Today, at school pick up time, she told me she had rescued one from a puddle under the chestnut tree. I searched and initially found none, but finally, I founf a live female and a very squished male on the ground, hoorray! Both were collected and taken home, and to my surprise they turned to be the Southern Oak Bush Cricket, Meconema medidionale, distinguished from the related Oak Bush Cricket by its stumpy wings and larger male cerci. Oak Bush Crickets are nocturnal and live in trees canopies, so they are thought to be under recorded, although they are attracted to light, so they turn up inside houses in the summer. Instead of singing by stridulating with their wings like other crickets do, males attract females by drumming with their rear legs on the substrate, and this sound can be audible up to 1 m away. They are predatory crickets, and feed on small insects like aphids and leaf-miners (including those of Cameraria ohridella, the Horse Chestnut leaf miner). Despite their name, they occur in many tree and bush species and are a late species, with adults found from mid August up to the first frosts.
 Since the 1960s, the Southern Oak Bush cricket expanded its distribution range from its original homeland in Italy throughout large areas of Northern Europe, and is now also found in North America. It was recorded in the UK for the first time in the autumn of 2001, and since then, it has spread north up to Nottinghamshire. Given its flightlessness, it is surprising how fast they are expanding. A study systematically searching for this species in the recently colonised Slovak and Czech Republics found that they are found mainly in urban habitats like parks or campsites, often with localised populations near car parks and main roads, suggesting that they might be dispersed passively by vehicles, especially trucks and caravans. They are, unexpectedly, often found on vehicles.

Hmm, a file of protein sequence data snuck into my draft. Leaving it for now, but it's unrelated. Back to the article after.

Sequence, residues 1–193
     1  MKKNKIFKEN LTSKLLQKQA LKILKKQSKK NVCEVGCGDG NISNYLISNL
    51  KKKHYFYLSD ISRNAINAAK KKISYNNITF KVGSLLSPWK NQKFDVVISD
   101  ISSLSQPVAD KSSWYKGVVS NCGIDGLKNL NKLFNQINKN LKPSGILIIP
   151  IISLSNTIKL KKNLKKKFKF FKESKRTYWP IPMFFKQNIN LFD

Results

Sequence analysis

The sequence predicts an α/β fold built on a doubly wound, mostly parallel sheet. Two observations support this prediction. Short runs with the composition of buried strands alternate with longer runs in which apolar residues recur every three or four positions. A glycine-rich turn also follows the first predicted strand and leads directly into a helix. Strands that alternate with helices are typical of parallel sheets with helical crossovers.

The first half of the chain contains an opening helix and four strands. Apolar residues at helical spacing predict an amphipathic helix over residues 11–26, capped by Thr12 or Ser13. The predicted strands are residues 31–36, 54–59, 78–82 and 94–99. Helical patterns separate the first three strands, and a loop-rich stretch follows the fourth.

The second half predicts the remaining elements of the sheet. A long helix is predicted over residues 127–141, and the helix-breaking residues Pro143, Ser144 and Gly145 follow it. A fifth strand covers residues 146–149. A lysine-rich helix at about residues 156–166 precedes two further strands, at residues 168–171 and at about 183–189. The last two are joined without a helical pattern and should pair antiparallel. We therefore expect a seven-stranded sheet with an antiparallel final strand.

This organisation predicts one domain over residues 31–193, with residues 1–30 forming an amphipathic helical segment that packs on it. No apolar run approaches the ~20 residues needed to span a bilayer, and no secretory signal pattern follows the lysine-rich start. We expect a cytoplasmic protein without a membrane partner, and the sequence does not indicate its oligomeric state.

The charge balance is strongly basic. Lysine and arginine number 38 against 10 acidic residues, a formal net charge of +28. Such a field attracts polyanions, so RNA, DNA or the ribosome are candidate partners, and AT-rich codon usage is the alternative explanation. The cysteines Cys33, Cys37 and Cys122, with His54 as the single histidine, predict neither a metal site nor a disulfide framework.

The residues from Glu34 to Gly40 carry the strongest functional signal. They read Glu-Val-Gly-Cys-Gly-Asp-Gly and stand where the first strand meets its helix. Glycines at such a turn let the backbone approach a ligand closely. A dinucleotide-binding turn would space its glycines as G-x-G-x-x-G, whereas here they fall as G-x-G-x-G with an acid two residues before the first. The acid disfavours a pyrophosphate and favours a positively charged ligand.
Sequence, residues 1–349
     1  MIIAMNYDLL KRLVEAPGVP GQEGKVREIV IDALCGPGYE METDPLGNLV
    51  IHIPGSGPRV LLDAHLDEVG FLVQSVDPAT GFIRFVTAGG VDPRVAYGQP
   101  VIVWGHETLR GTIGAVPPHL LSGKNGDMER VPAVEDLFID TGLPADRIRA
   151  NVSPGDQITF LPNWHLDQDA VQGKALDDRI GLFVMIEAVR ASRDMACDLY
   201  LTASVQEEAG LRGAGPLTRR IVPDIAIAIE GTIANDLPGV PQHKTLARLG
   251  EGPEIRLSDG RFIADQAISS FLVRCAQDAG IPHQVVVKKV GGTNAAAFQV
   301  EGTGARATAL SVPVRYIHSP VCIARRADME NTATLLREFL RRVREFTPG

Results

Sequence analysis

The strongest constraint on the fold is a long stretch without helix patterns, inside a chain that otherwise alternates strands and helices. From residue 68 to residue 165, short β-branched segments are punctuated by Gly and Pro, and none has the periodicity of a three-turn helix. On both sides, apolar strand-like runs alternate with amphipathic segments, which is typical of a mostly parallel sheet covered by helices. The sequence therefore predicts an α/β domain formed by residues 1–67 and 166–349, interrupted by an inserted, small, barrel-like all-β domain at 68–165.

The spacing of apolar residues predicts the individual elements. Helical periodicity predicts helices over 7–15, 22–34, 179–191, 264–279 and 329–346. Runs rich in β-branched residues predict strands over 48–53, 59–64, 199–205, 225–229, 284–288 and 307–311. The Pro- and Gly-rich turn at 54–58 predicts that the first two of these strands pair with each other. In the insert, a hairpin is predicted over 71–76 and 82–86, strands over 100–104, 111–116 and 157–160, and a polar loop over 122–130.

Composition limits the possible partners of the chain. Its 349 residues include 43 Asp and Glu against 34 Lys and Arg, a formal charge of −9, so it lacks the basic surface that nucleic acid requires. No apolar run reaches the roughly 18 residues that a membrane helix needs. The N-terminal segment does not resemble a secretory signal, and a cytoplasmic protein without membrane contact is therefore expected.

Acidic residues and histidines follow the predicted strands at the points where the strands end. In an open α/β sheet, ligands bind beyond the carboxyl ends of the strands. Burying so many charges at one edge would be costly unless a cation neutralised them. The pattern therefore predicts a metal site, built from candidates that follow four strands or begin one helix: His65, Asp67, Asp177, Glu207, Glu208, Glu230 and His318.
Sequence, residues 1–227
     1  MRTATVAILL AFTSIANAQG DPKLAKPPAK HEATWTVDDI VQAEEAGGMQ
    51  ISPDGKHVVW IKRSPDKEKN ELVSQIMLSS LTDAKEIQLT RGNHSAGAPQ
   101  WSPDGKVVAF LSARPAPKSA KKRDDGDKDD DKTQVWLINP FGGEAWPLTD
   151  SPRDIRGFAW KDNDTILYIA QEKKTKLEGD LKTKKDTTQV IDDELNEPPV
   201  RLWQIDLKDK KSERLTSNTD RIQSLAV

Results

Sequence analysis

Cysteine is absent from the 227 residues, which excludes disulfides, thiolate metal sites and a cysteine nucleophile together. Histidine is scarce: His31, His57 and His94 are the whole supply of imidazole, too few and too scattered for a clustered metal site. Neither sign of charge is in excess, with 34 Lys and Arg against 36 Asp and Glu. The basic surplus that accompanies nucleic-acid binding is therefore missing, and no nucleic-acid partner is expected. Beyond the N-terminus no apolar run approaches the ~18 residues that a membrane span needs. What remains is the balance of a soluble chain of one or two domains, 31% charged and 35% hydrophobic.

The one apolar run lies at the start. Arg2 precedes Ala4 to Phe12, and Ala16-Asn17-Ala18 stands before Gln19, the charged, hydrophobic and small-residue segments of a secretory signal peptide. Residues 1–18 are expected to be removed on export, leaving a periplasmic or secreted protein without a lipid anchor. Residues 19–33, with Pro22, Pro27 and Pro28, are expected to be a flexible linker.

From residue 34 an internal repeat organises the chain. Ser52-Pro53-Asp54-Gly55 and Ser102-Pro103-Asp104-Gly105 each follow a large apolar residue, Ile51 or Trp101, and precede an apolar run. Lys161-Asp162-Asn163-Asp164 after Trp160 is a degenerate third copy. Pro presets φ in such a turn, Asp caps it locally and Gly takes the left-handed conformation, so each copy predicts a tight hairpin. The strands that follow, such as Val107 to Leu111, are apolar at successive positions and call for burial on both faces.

The fact that several individuals are present suggests that the crickets have been around for a while in the school grounds. Would a teacher returning from a visit down south might be responsible from the introduction of this cricket species in Hull?
The squished male
Side view of the female
UPDATE 8/10/2014
We released the female on the chestnut tree. Although she had lost a leg, she was quite capable of jumping, and hid under a shrivelled leaf. I found a freshly dead male in the same spot, quite intact. Here he is. Look how much longer his antennae are compared to the female.

More information
British Orthoptera & Allied insects page. Here.

Grabenweger, G., Kehrli, P., Schlick‐Steiner, B., Steiner, F., Stolz, M., & Bacher, S. (2005). Predator complex of the horse chestnut leafminer Cameraria ohridella: identification and impact assessment. Journal of Applied Entomology, 129: 353-362.

Vlk, R., Balvín, O., Krištín, A., Marhoul, P., & Hrúz, V. (2012). Distribution of the Southern Oak Bush-cricket Meconema meridionale (Orthoptera, Tettigoniidae) in the Czech Republic and Slovakia. Folia Oecologica 39(2) 155-165.

Liana, A., & Michalcewicz, J. (2014). Meconema Meridionale Costa, 1860 (Orthoptera: Tettigonioidea: Meconematidae)–The First Record In Poland. Polish Journal of Entomology, 83(3), 181-188.